Discussion:
As We May Think--early computer article 1945
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h***@bbs.cpcn.com
2020-09-11 18:53:00 UTC
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In 1945 chief scientist Vannevar Bush wrote an article
on the future of mechanized information processing.

I believe Bush invented the analog computer.

LIFE magazine published an excerpt. It may be
viewed here:
https://books.google.com/books?id=uUkEAAAAMBAJ&lpg=PA118&dq=life%20%22as%20we%20may%20think%22&pg=PA112#v=onepage&q&f=false

(Same issue has an illustrated piece on occupation of Japan.)
Quadibloc
2020-09-11 22:28:24 UTC
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Post by h***@bbs.cpcn.com
I believe Bush invented the analog computer.
That depends on how you define 'analog computer', since some would dignify the
Gunter scale and William Oughtred's invention by that name. However, the
differential analyzer of Vannevar Bush, unlike, say, a mechanical tide predictor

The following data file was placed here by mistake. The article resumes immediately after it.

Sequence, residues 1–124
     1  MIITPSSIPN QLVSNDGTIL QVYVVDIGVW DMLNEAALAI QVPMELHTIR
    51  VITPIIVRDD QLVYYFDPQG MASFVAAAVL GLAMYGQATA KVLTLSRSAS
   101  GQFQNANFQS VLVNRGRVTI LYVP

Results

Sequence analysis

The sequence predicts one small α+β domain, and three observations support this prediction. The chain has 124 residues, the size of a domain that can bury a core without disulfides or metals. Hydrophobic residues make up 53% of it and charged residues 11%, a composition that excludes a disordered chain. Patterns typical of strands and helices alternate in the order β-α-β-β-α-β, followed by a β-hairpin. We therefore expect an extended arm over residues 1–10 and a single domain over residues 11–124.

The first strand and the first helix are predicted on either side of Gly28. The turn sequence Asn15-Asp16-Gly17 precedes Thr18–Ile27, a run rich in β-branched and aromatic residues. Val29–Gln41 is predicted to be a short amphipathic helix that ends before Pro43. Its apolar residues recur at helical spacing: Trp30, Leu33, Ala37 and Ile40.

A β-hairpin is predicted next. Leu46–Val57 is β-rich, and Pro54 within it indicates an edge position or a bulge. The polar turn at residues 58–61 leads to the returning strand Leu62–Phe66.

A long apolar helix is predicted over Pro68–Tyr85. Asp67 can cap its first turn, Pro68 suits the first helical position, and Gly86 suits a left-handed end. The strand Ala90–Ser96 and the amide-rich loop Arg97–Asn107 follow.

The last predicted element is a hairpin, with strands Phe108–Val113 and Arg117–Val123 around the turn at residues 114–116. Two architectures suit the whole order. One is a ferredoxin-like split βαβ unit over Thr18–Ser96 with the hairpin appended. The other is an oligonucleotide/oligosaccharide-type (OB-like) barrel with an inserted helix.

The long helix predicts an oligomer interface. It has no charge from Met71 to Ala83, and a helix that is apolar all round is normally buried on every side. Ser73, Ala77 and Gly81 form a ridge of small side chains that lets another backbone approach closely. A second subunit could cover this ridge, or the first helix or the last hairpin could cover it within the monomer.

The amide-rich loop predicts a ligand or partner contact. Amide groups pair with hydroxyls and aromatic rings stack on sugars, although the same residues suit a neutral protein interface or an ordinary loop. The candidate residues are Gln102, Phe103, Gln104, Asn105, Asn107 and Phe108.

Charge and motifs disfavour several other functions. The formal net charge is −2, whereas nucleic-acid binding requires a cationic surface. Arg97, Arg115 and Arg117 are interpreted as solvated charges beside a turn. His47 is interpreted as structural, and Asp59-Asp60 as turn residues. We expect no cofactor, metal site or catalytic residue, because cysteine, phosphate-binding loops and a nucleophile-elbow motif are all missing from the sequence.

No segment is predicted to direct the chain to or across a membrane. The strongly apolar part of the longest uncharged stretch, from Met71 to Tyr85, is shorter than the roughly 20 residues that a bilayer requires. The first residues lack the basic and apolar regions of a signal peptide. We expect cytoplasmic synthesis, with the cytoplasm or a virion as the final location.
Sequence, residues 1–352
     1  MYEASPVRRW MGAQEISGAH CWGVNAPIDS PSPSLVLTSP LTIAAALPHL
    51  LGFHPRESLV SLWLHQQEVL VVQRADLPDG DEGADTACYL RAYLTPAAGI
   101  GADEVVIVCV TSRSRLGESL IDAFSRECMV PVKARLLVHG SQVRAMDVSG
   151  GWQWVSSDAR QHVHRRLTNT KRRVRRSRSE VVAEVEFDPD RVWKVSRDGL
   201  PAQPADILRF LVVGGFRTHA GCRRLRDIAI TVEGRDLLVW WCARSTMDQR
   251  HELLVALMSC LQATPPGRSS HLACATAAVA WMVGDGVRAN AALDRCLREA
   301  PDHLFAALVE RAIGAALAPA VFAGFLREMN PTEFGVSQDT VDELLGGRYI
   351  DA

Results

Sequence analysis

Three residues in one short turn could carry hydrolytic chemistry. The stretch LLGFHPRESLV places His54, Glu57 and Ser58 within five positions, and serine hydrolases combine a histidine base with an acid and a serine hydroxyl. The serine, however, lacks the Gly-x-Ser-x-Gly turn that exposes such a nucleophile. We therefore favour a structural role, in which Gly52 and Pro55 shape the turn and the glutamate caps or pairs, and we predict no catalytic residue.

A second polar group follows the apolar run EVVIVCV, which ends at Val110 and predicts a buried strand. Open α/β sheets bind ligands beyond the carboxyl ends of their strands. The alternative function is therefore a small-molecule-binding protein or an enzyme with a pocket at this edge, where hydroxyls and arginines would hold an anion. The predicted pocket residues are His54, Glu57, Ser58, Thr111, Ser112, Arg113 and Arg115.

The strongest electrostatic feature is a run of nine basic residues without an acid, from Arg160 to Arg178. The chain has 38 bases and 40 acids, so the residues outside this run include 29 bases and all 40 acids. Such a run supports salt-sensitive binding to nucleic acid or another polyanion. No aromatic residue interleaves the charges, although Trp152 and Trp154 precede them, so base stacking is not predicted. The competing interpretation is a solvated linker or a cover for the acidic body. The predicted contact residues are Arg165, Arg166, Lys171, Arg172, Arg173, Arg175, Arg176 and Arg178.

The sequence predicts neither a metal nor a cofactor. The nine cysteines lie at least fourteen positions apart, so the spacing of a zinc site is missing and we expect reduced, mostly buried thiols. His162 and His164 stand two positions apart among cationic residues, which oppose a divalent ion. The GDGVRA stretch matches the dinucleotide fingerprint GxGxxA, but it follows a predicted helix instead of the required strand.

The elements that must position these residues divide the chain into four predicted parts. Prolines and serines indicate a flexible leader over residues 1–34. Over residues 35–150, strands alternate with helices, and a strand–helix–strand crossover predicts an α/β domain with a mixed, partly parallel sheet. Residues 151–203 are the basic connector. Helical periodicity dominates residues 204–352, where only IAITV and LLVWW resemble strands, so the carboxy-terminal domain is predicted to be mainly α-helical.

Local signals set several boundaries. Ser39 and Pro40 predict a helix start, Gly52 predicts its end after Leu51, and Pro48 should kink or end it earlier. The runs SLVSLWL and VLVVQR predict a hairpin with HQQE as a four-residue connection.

(another much earlier device sometimes called an analog computer) was very much
a mechanical device that had the same functionality as an electronic analog
computer: through feedback between functions, functions of those functions, adn
integrals or differentials of those functions, it could produce an analog
solution to a differential equation.

A tide predictor, on the other hand, just cranks out numerical values for a
Fourier series that is already known; the differential analyzer solved problems
where the solution was not known.

So there is definitely a sense in which the Bush differential analyzer was the
first 'real' analog computer.

John Savard
J. Clarke
2020-09-12 00:52:13 UTC
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On Fri, 11 Sep 2020 15:28:24 -0700 (PDT), Quadibloc
Post by Quadibloc
Post by h***@bbs.cpcn.com
I believe Bush invented the analog computer.
That depends on how you define 'analog computer', since some would dignify the
Gunter scale and William Oughtred's invention by that name. However, the
differential analyzer of Vannevar Bush, unlike, say, a mechanical tide predictor
(another much earlier device sometimes called an analog computer) was very much
a mechanical device that had the same functionality as an electronic analog
computer: through feedback between functions, functions of those functions, adn
integrals or differentials of those functions, it could produce an analog
solution to a differential equation.
A tide predictor, on the other hand, just cranks out numerical values for a